The specific commitments include:

Action #1:The Government, through the Ministry of Finance & Economic Planning, and the Controller & Accountant General’s Department, reinstates and enforces commitment controls for all MDAs, such that, no new arrears over their budget accrue through uncontrolled spending on Item 3 and 4.

Action #2: The Government, through the Ministry of Finance & Economic Planning, develops and submits to Cabinet for decision the second Financial Sector Strategic Plan, FINSEP II.

Action #3: The Government, through the Ministry of Finance & Economic Planning, and the Public Sector Reform Secretariat, develops and submits to Cabinet for decision and announcement the action plan on Subvented Agency reform (i.e. decisions on those for closure, withdrawal of subvention, those on reduced subvention and timelines for implementation).

Action #4: The Government, through the Ministries of Local Government & Rural Development, and Finance & Economic Planning, finalizes the Comprehensive Decentralization Policy following all consultations, and submits the Policy and Implementation Plan to Cabinet for approval.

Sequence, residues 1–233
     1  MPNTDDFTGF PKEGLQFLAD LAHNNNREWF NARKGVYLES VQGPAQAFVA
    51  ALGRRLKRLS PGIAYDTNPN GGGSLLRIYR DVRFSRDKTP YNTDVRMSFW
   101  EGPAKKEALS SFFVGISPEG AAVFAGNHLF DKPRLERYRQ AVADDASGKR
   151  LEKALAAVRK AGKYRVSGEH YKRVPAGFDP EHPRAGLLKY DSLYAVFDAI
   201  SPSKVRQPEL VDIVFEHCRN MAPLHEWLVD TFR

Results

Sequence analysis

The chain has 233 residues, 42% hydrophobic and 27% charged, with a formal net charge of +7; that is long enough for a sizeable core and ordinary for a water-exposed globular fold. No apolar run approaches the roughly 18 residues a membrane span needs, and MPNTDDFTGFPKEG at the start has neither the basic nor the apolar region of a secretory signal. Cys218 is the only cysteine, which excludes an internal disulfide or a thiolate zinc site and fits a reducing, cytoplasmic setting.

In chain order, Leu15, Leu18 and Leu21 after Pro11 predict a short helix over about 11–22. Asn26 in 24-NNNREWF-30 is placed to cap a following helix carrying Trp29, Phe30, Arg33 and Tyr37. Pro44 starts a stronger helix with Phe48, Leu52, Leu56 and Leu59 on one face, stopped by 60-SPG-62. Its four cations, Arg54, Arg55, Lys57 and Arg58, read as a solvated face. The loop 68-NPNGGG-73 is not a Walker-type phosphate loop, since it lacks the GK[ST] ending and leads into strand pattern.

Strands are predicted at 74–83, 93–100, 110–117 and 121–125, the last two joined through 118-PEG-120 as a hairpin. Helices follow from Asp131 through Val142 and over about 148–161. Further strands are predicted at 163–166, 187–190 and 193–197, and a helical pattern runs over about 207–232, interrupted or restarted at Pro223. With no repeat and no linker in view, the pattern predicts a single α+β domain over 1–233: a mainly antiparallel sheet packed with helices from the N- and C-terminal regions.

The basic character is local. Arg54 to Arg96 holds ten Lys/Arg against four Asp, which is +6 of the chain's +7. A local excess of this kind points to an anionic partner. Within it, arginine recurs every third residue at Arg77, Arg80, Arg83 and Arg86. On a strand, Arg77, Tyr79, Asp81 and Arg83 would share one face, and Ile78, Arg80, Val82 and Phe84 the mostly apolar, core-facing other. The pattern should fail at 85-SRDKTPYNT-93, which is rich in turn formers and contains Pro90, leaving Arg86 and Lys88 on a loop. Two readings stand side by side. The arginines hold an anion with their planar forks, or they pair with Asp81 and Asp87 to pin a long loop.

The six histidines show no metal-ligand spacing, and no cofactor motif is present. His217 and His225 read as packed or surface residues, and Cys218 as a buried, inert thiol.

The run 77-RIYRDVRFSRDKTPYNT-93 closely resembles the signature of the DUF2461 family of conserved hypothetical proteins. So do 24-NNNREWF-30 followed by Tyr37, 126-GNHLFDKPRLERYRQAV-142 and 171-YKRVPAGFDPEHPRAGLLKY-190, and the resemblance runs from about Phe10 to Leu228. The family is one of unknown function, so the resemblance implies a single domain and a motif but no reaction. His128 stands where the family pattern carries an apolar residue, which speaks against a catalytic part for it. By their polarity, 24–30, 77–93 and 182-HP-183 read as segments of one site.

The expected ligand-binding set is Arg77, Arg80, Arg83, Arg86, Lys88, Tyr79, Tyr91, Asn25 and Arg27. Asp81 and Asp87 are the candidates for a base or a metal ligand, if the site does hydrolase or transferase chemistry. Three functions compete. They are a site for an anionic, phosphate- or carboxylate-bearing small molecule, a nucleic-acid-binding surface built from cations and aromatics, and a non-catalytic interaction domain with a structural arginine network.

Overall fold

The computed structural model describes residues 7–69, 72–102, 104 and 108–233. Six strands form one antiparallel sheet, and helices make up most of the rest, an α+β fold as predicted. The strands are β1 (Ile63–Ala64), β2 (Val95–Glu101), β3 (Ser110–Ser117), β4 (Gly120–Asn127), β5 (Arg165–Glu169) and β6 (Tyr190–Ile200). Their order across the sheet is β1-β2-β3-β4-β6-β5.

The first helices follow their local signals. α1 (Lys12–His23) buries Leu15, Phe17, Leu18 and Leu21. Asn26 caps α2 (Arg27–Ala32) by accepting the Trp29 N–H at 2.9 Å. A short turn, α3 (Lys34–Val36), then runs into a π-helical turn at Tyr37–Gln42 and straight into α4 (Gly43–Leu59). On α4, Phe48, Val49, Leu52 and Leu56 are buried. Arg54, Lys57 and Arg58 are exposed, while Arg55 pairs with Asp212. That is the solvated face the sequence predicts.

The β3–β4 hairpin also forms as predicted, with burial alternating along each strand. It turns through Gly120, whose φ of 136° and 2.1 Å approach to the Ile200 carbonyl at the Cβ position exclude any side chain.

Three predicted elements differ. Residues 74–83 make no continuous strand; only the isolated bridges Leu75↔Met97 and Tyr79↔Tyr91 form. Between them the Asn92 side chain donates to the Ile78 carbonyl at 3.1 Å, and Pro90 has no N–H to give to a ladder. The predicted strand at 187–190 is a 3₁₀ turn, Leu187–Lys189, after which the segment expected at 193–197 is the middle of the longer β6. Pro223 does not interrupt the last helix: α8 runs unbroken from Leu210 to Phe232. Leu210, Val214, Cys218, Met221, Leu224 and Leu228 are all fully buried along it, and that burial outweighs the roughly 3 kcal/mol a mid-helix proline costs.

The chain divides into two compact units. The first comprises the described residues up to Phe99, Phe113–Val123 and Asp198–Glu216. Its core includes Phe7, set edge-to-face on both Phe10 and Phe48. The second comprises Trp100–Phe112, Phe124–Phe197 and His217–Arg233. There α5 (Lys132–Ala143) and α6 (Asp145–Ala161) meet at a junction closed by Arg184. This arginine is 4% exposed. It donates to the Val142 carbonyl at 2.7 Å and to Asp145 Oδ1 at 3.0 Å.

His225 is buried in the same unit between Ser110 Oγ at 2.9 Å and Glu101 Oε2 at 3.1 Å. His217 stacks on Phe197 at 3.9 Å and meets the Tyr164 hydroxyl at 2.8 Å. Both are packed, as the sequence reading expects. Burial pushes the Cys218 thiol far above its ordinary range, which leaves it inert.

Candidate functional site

Action #5: The Public Utilities Regulatory Authority establishes and implements an electricity automatic tariff adjustment mechanism.

Action #6: The Government, through the Ministries of Energy, and Finance & Economic Planning, submits to Cabinet for decision an action plan regarding the restoration of Tema Oil Refinery financial sustainability

Action #7: The Government, through the Ministry of Employment and Social Welfare, pre-tests and validates the Common Targeting mechanism, in collaboration with Ministries of Agriculture, Health, Education, Local Government & Rural Development.

Action #8: The Government, through the Ministry of Energy, submits to Cabinet for decision a policy proposal establishing a petroleum regulatory authority